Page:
"shortTitle" : "Dijkstra Algorithm",
    "tileImage" : "images/graph/dijkstra.gif",
    "title" : "Dijkstra Algorithm"
},
{ "backgroundImage" : "images/graph/belman.gif",
    "description" : "Given a graph and a source vertex src in graph, find shortest paths from src to all vertices in the given graph. The graph may contain negative weight edges.\nWe have discussed Dijkstra’s algorithm for this problem. Dijksra’s algorithm is a Greedy algorithm and time complexity is O(VLogV) (with the use of Fibonacci heap). Dijkstra doesn’t work for Graphs with negative weight edges, Bellman-Ford works for such graphs. Bellman-Ford is also simpler than Dijkstra and suites well for distributed systems. But time complexity of Bellman-Ford is O(BE), which is more than Dijkstra.\n\nAlgorithm\nFollowing are the detailed steps.\n\nInput: Graph and a source vertex src\nOutput: Shortest distance to all vertices from src. If there is a negative weight cycle, then shortest distances are not calculated, negative weight cycle is reported.\n\n1) This step initializes distances from source to all vertices as infinite and distance to source itself as 0. Create an array dist[] of size |V| with all values as infinite except dist[src] where src is source vertex.\n\n2) This step calculates shortest distances. Do following |V|-1 times where |V| is the number of vertices in given graph.\n…..a) Do following for each edge u-v\n………………If dist[v] > dist[u] + weight of edge uv, then update dist[v]\n………………….dist[v] = dist[u] + weight of edge uv\n\n3) This step reports if there is a negative weight cycle in graph. Do following for each edge u-v\n……If dist[v] > dist[u] + weight of edge uv, then “Graph contains negative weight cycle”\nThe idea of step 3 is, step 2 guarantees shortest distances if graph doesn’t contain negative weight cycle. If we iterate through all edges one more time and get a shorter path for any vertex, then there is a negative weight cycle\n\nHow does this work? Like other Dynamic Programming Problems, the algorithm calculate shortest paths in bottom-up manner. It first calculates the shortest distances for the shortest paths which have at-most one edge in the path. Then, it calculates shortest paths with at-nost 2 edges, and so on. After the ith iteration of outer loop, the shortest paths with at most i edges are calculated. There can be maximum |V| – 1 edges in any simple path, that is why the outer loop runs |v| – 1 times. The idea is, if we have calculated shortest paths with at most i edges, then an iteration over all edges guarantees to give shortest path with at-most (i+1) edges\n\nComplexity \nThe Bellman-Ford algorithm runs in time O(VE), since the initialization takes O(V) time, each of the |V| - 1 passes over the edges takes O(E) time and calculating the distance takes O(E) times",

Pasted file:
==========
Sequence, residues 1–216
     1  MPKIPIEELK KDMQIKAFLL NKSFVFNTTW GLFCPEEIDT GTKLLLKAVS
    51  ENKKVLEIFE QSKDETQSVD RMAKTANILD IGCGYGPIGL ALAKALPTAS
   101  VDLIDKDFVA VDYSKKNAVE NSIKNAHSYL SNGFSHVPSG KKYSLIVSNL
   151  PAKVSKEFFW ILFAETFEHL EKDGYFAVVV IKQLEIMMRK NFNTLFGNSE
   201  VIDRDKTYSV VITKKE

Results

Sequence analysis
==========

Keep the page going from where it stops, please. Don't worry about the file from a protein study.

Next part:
"group" : { "backgroundImage" : "images/graph/group_graph.png",
        "description" : "Set of Basic Graph Algorithms and Some Advanced Applications on Graphs. Assuming Adjacency List Representations, so All the orders are calculated",
        "groupImage" : "images/graph/graphs_header.png",
        "key" : "Graphs",
        "shortTitle" : "Graphs",
        "title" : "Graphs"
      },
    "algorithms" : [ "NOT FOUND",